I can’t help but wonder sometimes if tech evangelists actually practice what they preach.
It occurred to me yesterday, when I wrote about security experts’ dire warnings about malware threats on the eve of the Olympics, that if everyone were to follow all of their advice all of the time, the world wouldn’t be much fun.
Keep my smart phone off my work network? Sure. Avoid responding to e-mails from Nigerian cabinet ministers? No problem. But never clicking on any link whatsoever related to the Olympics? That seems a bit harsh. It made me wonder how these experts spend time on the Internet, and what precautions they, personally, take.
The answer, it seems, is that some folks in IT are just not like the rest of us. Today I spoke to Jeff Multz, vice-president of sales for Dell SecureWorks
, someone who is lauded as Mr. Security and is a regular public speaker on the subject of cyber-crime and Internet security.
Does he ever click on a link?
As a matter of fact, no, he doesn’t.
“I never click on links,” says Multz. “I’ll type in a URL — if that’s the link I wanted to go to I’ll type it in. The reason for that is most links aren’t what you see: they’re underneath, they’re embedded differently than what your eyeballs appear to be looking at.”
Somewhat unlike most people, he also prefers getting his news the old-fashioned way, in a paper newspaper (“I can’t get malware from printed paper,” he explains). He’ll rarely read online news sites because of the “pollution” most of them have.
Certainly, he says, he would never go to a brand-new site, such as one related to the 2012 Olympics, “under any circumstances.” Yet, he loves the Olympics, and he plans to watch them on TV and read about them in the newspaper.
Describing himself as “amongst the most paranoid,” while cautioning that what he does personally isn’t what Dell is advocating for everyone, Multz is also not a big fan of social media. He won’t touch Facebook and he sees Twitter as a bundle of potential trouble, unless you’ve covered yourself from head to toe in protection.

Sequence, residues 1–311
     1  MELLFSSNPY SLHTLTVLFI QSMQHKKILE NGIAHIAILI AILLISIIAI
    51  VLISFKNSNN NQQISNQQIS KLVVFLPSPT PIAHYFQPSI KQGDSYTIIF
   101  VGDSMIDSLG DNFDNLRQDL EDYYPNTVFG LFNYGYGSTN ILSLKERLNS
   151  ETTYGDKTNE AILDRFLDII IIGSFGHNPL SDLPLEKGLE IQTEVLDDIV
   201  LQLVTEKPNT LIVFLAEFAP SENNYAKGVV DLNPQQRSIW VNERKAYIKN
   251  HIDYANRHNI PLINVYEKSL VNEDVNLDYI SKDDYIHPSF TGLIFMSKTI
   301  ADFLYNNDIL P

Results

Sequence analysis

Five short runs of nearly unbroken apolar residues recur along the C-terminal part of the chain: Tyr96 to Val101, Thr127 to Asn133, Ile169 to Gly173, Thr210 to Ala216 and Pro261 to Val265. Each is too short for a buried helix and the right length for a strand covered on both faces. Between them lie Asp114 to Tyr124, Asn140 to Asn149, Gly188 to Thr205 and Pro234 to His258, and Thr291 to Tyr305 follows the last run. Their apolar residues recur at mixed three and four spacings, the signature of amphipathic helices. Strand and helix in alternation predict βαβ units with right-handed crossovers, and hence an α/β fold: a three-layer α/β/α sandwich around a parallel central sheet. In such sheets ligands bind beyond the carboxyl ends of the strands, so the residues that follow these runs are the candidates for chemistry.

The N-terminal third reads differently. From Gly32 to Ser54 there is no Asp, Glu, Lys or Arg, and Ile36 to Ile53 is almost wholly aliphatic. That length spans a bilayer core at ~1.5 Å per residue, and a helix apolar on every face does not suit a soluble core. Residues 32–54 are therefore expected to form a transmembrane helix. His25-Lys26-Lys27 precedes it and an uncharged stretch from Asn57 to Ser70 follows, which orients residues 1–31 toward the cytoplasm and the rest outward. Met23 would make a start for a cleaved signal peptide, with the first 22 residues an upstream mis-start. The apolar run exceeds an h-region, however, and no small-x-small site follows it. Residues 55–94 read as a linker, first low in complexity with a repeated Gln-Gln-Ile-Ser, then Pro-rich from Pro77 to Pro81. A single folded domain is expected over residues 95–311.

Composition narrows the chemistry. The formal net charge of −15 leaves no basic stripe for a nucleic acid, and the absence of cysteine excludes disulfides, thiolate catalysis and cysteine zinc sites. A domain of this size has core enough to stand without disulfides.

Ironically, he says, he’s able to be a little less careful when he goes in to work at Dell SecureWorks because the company does have this sort of protection. That said, it definitely isn’t taking any chances. His workplace IT security goes beyond defence in depth.
“Although we have the layers there is heavy CISO intervention,” says Multz.
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This means that staff aren’t allowed to use personal e-mails (essentially any webmail) or any social media sites. They’re all blocked. “And if you do click on a link and there is malware, “he says, “the CISO’s office will be notified. Not only will the malware be stopped, but a person will show up at your doorstep here, literally in your office, and they’ll say, ‘Thou shalt not. Here’s some education…’”
When you think about it, Dell does provide this same education to the general public (though they’d relax the rules on social media). Multz jokes that the never-click-a-link maxim is provided as free advice during his speeches. “Most hacks can be prevented. These are some of the most basic things to be careful of.”
So, it turns out that Dell does play by its own rules. But when its own employees break them, they can expect a rap on the knuckles and a bit of re-education. In most of the rest of the world, things take their natural course and we get punished with malware until we smarten up.